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Archive of posts filed under the Economics category.

Trash talkin’

Someone sent me an email: I thought you will get a kick out of these figures from a new paper [appearing in a top economics journal]. I replied: Wow—this is like a parody of econ. But, then again, econ is a parody of econ, isn’t it? [To clarify here, by “econ,” I don’t mean the […]

Postmodernism for zillionaires

“Postmodernism” in academia is the approach of saying nonsense using a bunch of technical-sounding jargon. At least, I think that’s what postmodernism is . . . Hmm, let’s check wikipedia: Postmodernism is a broad movement that developed in the mid- to late 20th century across philosophy, the arts, architecture, and criticism, marking a departure from […]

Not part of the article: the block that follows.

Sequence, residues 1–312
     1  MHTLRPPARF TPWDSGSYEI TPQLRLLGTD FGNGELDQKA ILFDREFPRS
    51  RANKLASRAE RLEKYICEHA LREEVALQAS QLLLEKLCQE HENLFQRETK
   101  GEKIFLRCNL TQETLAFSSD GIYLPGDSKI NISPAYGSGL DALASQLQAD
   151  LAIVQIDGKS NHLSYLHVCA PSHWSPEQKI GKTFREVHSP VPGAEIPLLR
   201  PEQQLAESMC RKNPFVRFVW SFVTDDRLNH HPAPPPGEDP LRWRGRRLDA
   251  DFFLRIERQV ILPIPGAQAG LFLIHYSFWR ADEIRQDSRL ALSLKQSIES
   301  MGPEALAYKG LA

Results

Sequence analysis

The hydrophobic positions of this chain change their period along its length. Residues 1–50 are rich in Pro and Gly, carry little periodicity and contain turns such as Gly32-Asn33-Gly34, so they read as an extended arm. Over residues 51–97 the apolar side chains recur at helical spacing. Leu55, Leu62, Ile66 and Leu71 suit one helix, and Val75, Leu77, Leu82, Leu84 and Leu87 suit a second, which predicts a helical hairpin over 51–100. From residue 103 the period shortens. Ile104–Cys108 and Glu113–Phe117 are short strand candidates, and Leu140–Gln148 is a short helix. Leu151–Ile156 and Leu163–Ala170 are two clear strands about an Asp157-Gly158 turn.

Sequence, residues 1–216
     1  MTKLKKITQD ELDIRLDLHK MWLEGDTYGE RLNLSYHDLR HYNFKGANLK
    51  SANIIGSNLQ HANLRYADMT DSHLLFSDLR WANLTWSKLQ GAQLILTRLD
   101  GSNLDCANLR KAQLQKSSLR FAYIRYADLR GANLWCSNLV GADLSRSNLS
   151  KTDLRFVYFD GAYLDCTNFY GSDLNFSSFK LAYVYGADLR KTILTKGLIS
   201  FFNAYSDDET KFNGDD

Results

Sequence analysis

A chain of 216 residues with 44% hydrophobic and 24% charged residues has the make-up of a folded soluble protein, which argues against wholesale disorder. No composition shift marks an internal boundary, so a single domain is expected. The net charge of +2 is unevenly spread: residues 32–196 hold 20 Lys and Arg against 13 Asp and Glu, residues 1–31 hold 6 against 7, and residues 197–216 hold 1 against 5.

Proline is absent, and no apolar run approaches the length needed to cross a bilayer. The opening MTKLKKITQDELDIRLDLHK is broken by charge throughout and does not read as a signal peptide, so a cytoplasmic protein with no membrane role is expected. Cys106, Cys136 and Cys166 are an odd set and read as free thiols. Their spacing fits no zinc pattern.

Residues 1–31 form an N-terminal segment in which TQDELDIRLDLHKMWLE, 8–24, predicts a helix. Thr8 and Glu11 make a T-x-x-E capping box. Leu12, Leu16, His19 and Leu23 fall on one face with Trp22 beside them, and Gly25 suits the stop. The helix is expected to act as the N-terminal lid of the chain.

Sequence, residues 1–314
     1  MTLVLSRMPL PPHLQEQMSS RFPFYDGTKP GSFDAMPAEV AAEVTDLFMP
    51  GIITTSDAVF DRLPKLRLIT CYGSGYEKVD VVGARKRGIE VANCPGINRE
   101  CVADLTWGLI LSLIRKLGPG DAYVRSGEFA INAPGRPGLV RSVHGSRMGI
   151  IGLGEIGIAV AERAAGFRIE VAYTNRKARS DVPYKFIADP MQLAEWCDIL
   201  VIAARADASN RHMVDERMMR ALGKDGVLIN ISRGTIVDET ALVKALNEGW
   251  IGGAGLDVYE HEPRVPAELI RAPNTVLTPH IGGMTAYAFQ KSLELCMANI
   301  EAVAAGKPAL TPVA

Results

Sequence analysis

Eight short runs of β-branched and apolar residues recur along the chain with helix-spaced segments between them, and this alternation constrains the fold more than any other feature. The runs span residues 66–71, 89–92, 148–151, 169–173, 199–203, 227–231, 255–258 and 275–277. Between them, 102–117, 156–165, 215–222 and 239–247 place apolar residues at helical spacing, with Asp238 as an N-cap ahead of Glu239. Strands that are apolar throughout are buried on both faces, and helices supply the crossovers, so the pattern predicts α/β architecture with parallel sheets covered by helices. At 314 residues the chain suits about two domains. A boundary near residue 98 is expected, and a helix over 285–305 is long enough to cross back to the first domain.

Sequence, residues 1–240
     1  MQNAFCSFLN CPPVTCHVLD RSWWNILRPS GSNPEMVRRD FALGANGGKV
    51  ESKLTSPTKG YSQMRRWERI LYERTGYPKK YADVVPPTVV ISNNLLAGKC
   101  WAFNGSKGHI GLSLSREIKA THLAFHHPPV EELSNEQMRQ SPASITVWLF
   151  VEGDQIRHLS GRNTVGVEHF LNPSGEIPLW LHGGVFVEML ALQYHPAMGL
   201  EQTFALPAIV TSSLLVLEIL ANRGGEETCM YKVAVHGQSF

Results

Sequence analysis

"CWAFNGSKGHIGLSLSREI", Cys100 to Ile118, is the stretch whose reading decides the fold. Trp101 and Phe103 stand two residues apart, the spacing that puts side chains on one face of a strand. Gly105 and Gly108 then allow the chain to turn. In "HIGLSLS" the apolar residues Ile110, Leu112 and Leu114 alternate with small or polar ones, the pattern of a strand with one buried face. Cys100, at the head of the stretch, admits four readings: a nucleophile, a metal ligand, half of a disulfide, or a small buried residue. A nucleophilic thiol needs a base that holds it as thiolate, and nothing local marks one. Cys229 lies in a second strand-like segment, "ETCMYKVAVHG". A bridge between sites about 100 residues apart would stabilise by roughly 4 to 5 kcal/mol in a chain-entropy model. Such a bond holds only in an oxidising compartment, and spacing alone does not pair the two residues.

In making minimal corrections and not acknowledging that he made these errors, Rajan is dealing with the symptoms but not the underlying problem, which is that he’s processing recent history via conventional wisdom.

Raghuram Rajan is an academic and policy star, University of Chicago professor, former chief economist for the International Monetary Fund, and former chief economic advisor to the government of India, and featured many times in NPR and other prestige media. He also appears to be in the habit of telling purportedly data-backed stories that aren’t […]

Lawrence H. Summers, meet Albert O. Hirschman

Zach Carter quotes former U.S. Treasury Secretary Lawrence Summers as saying “$2,000 checks would be a pretty serious mistake” because larger stimulus checks to Americans could risk overheating the economy. Carter replies, “he’s right about there being conceptually better uses for the money, but the idea that we risk ‘a temporary overheat’ of the economy […]